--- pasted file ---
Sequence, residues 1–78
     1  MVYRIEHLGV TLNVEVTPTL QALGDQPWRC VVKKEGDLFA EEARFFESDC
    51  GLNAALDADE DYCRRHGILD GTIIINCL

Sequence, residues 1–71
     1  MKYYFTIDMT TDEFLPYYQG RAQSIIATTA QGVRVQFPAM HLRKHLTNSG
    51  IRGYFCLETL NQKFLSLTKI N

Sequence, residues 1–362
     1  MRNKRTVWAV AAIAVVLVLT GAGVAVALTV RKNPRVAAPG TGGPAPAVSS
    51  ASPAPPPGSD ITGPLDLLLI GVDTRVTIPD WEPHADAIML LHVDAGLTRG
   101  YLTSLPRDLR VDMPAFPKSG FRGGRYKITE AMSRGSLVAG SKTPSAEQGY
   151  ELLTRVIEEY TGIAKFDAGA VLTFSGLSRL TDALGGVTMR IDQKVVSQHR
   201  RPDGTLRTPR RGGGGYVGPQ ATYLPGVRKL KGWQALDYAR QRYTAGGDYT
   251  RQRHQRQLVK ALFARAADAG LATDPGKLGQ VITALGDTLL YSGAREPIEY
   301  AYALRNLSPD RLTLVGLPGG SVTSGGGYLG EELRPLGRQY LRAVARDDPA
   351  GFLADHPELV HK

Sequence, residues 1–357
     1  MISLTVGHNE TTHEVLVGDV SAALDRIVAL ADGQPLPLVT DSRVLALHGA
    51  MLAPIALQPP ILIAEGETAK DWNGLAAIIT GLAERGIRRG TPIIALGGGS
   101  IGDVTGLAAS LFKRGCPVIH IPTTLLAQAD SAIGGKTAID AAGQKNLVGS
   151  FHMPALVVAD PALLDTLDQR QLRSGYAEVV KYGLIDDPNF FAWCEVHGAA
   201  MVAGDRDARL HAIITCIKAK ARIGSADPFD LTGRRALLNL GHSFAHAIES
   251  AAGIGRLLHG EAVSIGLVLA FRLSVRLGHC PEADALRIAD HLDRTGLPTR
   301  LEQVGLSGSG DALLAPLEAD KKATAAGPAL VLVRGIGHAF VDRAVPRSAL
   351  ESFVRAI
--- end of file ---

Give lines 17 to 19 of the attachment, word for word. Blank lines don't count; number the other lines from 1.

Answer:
     1  MISLTVGHNE TTHEVLVGDV SAALDRIVAL ADGQPLPLVT DSRVLALHGA
    51  MLAPIALQPP ILIAEGETAK DWNGLAAIIT GLAERGIRRG TPIIALGGGS
   101  IGDVTGLAAS LFKRGCPVIH IPTTLLAQAD SAIGGKTAID AAGQKNLVGS